But not all African leaders are under pressure from rich countries or are being misled by foreign experts. While OI hasn’t documented cases of corruption related to land deals, we have identified a number of instances of collusion between government officials and foreign firms. For example, the AgriSol project in Tanzania employs several former Ministers, including one, Lawrence Masha, who, while Minister of Home Affairs, has ensured that the targeted land will be cleared of its inhabitants. In Sierra Leone, Franklyn Kargbo, the head of a legal firm involved in several land deals was appointed Minister of Justice and Attorney General, with a key role in the development of land leases and the responsibility of the ongoing land reform process.
Such conflicts of interest should not be so surprising given the money involved in land deals: Some investments are expected to provide hundreds of millions of dollars of net profit per year to the investors. We therefore believe at OI that citizens and the justice system in Africa should exercise the highest scrutiny over the land deals that are negotiated by their governments, especially when such deals involve large fiscal incentives and little direct public revenue, as seen in many cases studied by the Institute.
PAMBAZUKA NEWS: There have been a number of reports saying that the carbon markets have collapsed. Is the proportion of land grabs driven by carbon speculation significant enough that land acquisitions could start to decrease or slow? Or is this simply, as you call it, a 'green cover' for land grabs, in the way that proselytising and 'civilising' missions provided cover for land grabs in Africa in the 19th century?
OAKLAND INSTITUTE: Carbon markets are only one of the drivers of land grabs in Africa. So far it seems to have been less determinant in the recent increase in land investments than the promises for high returns from timber, food, and agrofuels plantations. In particular, agrofuels, produced on a large scale by agribusinesses and promoted by many governments and institutions as a solution to the world’s dependence on fossil fuels, have become a driver of land grabs in Africa. The developed world’s demand for agrofuels is being stimulated by the United States and the European Union which have set targets to replace 30 per cent and 10 per cent, respectively, of their gasoline with agrofuels. US Secretary of Energy Steven Chu has stated that the American investment in agrofuels is designed to ‘end [our] dependence on foreign oil and address the climate crisis.’ It is estimated that the European Union target may result in seven million hectares to be used for the production of agrofuels.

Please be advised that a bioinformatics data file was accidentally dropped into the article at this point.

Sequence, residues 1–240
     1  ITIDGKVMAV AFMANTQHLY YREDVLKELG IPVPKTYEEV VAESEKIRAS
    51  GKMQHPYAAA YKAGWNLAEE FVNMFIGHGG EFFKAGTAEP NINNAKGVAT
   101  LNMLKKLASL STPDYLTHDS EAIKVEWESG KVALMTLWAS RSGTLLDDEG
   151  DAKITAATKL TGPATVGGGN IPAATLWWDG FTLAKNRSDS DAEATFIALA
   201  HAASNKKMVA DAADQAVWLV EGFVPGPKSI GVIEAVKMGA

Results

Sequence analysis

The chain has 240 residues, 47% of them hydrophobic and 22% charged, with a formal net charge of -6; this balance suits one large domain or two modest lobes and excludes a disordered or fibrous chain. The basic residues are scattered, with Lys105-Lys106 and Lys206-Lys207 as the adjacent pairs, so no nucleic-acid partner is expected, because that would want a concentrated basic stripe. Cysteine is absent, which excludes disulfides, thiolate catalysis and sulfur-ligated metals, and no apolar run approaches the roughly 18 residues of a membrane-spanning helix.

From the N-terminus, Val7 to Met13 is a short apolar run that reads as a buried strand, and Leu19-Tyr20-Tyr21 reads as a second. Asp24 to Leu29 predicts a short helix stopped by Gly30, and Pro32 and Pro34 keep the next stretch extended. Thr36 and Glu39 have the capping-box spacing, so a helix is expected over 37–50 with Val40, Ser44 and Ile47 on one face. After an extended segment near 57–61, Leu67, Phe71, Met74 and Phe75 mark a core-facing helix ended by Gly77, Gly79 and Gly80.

Policymakers and the bioenergy industry have promoted agrofuels as a sustainable clean energy source. However, agrofuels are neither sustainable nor low-carbon. Agrofuel crop monocultures require large amounts of water, nutrients, and pesticides, and most agrofuel refineries and transportation methods still rely on oil and coal. In addition, agrofuel can be processed into biodiesel, which fuels the same standard diesel engines whose emissions contribute to climate change.
PAMBAZUKA NEWS: With COP17 currently taking place in Durban, there is a strong focus on climate change and the environment. What impact will land deals have on the ability of communities and countries to deal with climate change?
OAKLAND INSTITUTE: Taking over water, forest land, and other natural resources, current investments are transforming the African agricultural landscape into large monocultures while undermining the capacity of resilience and the traditional coping mechanisms of local populations. This is particularly obvious for pastoralists, practicing semi-nomadic livestock herding. Pastoralists do not have any formal title over the land they use, and their pastures are being eroded year after year, reducing their ability to cope with drought years.
OI research in Tanzania shows for instance that the Maasai have lost critical land that they used for seasonal grazing or access to water sources for their cattle. Current construction of dams and large-scale irrigation schemes for sugar cane plantations in Ethiopia are about to take over hundreds of thousands of hectares of pastures used by the agropastoralists populations in the South Omo Valley and around the Turkana Lake.
It is safe to say that the establishment of plantations and large scale irrigation schemes reduces the amounts of water available for farming and the availability of pastures, which will make the effects of climate change, especially droughts, far worse in the future. Furthermore, the loss of forests and the development of monocropping will increase erosion and land degradation, which will in turn, make the effects of climatic shocks, droughts and floods, more dramatic in the future.
PAMBAZUKA NEWS: Given all the evidence to suggest the major role industrial agriculture plays in swelling the GHG emissions which exacerbate climate change, why is the World Bank so set on exporting these harmful techniques to Africa? And why have the EU and US retained targets for increasing their dependence on biofuels despite evidence that they increase, rather than reduce carbon emissions?